What should conscious consumers feed their pets?

While the question of what to feed your pet may seem complicated based on the above information, the solution is surprisingly simple: fresh foods from small companies that emphasize transparency. The idea of handling fresh meat may make many vegetarians squeamish, but the benefits for the planet, farm animals, and our pets far outweigh any personal misgivings that may come from having meat in the kitchen. 

At The Happy Beast, we’re passionate about the planet and the animals we share it with. That’s why we’re working hard to create a sustainability rating for all the products we carry. While it’s still a work in progress, there are three companies we’d like to highlight based on their commitment to sustainability and animal welfare. 

Answers Pet Food

Based out of Pennsylvania, Answers partners with small family farms that practice sustainable, rotational farming practices. All of their meat is organic, pasture-raised, and certified by the Global Animal Partnership (GAP) with some of their poultry reaching the highest standards possible. They have focused on reducing plastic in their packaging, and the paper and cardboard their food is packaged in is certified by the Forest Stewardship Council. The company even raises a large percentage of its own chickens and ducks and has its own goat herd for its raw goat milk and cheese. 

Smallbatch Pet Food

As their name suggests, Smallbatch makes their food in small batches in Portland, OR. Smallbatch also strives to source its ingredients from local farmers who practice good stewardship of their animals, land, and environment. Many of these animals are also certified humanely raised by GAP. Organic produce means that synthetic fertilizers, pesticides, and herbicides don’t make their way into the environment, or your pet. Smallbatch also offers their food in lightly cooked preformed sliders for dogs, which can minimize handling for the truly squeamish vegetarian.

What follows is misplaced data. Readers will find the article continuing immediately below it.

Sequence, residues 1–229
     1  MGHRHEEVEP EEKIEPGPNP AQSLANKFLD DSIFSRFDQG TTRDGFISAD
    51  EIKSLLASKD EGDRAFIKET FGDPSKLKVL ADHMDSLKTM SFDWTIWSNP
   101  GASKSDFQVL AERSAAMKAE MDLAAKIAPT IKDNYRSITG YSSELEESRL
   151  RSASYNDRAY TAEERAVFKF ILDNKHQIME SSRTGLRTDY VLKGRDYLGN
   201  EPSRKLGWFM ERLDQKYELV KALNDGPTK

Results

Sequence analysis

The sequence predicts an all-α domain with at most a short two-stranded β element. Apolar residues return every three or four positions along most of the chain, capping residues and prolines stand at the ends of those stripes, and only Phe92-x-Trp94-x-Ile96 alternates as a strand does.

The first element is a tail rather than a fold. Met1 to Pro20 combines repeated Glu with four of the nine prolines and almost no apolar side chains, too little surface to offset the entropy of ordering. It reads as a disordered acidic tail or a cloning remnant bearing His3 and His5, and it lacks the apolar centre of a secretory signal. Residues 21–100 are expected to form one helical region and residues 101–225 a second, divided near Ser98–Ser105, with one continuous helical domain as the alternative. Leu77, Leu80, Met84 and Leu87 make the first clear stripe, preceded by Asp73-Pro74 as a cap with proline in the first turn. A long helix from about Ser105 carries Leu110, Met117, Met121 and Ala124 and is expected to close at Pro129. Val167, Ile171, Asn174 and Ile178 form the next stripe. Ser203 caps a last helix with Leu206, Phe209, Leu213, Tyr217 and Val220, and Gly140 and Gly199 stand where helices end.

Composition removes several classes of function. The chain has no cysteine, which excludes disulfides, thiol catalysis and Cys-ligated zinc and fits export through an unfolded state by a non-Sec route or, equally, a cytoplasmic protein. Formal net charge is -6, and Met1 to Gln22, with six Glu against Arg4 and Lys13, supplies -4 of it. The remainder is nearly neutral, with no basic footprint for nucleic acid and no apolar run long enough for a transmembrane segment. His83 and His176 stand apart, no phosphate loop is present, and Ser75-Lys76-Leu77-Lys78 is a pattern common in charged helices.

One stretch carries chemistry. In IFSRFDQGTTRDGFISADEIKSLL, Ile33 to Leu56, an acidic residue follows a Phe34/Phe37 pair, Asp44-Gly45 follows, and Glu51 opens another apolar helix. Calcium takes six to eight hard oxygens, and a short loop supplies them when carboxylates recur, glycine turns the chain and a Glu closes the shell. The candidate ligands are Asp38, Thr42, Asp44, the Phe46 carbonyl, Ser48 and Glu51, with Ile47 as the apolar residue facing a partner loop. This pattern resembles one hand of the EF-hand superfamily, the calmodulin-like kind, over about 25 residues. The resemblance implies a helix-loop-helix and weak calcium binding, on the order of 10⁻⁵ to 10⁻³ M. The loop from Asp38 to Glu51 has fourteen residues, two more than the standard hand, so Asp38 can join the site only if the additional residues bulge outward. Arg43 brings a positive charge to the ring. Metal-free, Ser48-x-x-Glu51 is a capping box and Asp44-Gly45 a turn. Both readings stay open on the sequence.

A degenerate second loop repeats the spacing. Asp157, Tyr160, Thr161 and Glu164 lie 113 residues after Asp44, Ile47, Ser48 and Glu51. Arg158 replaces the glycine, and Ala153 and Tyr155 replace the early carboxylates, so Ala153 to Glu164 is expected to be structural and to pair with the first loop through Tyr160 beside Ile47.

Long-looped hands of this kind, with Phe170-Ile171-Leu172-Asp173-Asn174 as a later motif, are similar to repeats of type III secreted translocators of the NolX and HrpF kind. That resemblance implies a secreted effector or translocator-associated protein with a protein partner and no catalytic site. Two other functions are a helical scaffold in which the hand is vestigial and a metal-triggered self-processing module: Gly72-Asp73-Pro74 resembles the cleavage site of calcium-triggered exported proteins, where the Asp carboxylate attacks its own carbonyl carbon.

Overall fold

Anderson’s Pet Food

Anderson’s is a local Colorado company and sources all of its ingredients from Colorado, which immediately lowers its environmental impact. With a focus on novel proteins like bison and elk, all of Anderson’s livestock are pasture-raised and live their lives in a stress-free environment in the Rocky Mountains. Produce is also locally sourced and non-GMO. Every part of the animal is used so Anderson’s also offers healthy, natural chews like antlers, marrow bones, and tendons. 

There are many other small, local companies working hard to create healthy, sustainable food with the welfare of  animals in mind, but these are three of our favorites. For the welfare of farm animals, the environment, and our pets, fresh food from small producers will always be a better solution than mass-produced kibble.

Further Reading

Check out more of our blogs or stop by the store to find the best food for your pet.

  1. Meat & The Environment: Beef
  2. Understanding Puppy Food
  3. Overweight and Obese Cats – Why You Should Act Now
  4. From Kibble to Raw: A Feline Food Journey
  5. Simple Diet Solutions for Anti-Inflammation
  6. How to Decipher Pet Food Labels & Misleading Marketing
  7. Retrain the Cat Brain: Solutions for Eliminating Kibble
  8. Feline Nutrition with Veterinarian Dr. Angie Krause

What to Know about Grain-free Diets & DCM

Over the last year, and especially ramping up over the last couple of months, we have had a lot of discussions with customers regarding grain-free diets, and concerns about their potential of causing heart disease in dogs – more specifically, canine dilated cardiomyopathy (DCM). We feel it is important to address this topic and review new research with an open mind by looking at all the information and facts available.

What is the issue?